Lobbyists thrive by building relationships with lawmakers
Nearly 220 years after Washington penned his farewell to the nation (with the assistance of Alexander Hamilton), his advice appears to have fallen on deaf ears. In a February 5, 2015, article on Vox, an anonymous member of Congress admits that lobbyists and their special-interest money are in charge. The Representative also claims that because the two major political parties call all the shots, we have a parliament rather than a "Congress," but one without a prime minister. Also, the parties control elections via gerrymandering, they know exactly who you vote for because there is no such thing as a secret ballot, and all committees are a waste of time.
Believe it or not, it gets worse. The Congress member states that "all reasonable, self-respecting people" are so turned off by the prospect of spending half their life begging rich people for money that they refuse to run for Congress, so all we ever get are second- and third-rate party nominees. Being a politician isn't their ultimate goal, either. No, what they're really shooting for is a job as a lobbyist once they "retire" from politics. You see, lobbying is where the real power is at.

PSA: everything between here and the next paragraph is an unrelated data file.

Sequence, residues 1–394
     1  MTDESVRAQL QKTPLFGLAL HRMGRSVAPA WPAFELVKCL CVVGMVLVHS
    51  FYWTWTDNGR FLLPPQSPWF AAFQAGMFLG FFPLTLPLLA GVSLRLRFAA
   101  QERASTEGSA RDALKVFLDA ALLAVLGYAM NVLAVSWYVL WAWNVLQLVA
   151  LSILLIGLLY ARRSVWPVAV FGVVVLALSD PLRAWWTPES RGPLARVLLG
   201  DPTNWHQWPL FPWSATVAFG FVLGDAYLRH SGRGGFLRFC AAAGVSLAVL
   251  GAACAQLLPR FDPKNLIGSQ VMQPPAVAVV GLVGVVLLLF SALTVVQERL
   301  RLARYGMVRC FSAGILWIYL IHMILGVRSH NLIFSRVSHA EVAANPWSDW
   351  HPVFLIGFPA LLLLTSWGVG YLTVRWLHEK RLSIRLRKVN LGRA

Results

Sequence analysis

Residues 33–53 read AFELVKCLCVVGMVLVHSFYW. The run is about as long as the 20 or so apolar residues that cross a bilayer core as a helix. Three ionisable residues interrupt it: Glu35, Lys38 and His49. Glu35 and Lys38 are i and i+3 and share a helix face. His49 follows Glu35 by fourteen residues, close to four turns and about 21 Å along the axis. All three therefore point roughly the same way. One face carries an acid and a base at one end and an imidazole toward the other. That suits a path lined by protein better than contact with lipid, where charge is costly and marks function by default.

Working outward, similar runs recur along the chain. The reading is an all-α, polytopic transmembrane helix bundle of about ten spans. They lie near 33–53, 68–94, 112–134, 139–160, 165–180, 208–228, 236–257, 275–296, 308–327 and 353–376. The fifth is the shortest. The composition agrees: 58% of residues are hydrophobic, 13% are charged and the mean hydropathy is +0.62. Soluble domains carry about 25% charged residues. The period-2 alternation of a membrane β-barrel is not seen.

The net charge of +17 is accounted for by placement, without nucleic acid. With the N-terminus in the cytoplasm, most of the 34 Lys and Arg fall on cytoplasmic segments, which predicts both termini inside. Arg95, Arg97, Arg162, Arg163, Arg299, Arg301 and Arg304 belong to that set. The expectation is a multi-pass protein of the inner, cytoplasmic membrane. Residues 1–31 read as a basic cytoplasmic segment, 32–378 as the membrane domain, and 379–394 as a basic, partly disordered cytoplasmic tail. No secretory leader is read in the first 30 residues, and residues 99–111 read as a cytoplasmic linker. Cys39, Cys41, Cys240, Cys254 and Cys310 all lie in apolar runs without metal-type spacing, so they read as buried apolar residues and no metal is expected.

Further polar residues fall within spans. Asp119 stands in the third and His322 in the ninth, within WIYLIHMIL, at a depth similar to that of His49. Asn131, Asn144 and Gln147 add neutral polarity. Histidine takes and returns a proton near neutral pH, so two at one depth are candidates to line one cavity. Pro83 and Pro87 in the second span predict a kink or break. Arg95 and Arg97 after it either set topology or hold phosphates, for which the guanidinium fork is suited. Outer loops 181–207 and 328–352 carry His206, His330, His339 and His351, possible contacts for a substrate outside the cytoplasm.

Maggie McKinley and Thomas Groll of Harvard University's Edmond J. Safra Center for Ethics report in a February 13, 2015, post on their research into the role of lobbyists in Congress. They found that special interests spend much more money on lobbying than they do on campaign contributions. Lobbyists control the government by parlaying their well-cultivated relationships with Congress members and their staffs. They are hired guns selling their influence with policy makers to the highest bidder. They are schmooze experts, selling themselves to potential clients and to politicians simultaneously.
The researchers describe how the "relationship market" works: they know how to stay in touch with policy makers without being intrusive, and they emphasize saving politicians time by doing their work for them, creating a "gift economy" that avoids the appearance of a quid pro quo relationship. In addition to direct and indirect electoral support, the lobbyists provide legislative support "in the form of policy reports, draft statutory language, private information and data regarding constituent clients, inside political and legislative information, and lobbying support to gather cosponsors or rally defeats," according to McKinley and Groll.
Lobbyists have a built-in advantage when they compete with "citizen-donors" for the time and attention of office-holders. Because of the relationship they've cultivated with the politician, they're perceived as more trustworthy, and the information they provide more valuable. That's why lawmakers often consider time spent with a lobbyists as more beneficial than time spent with contributing constituents, especially if the constituent is a relative stranger.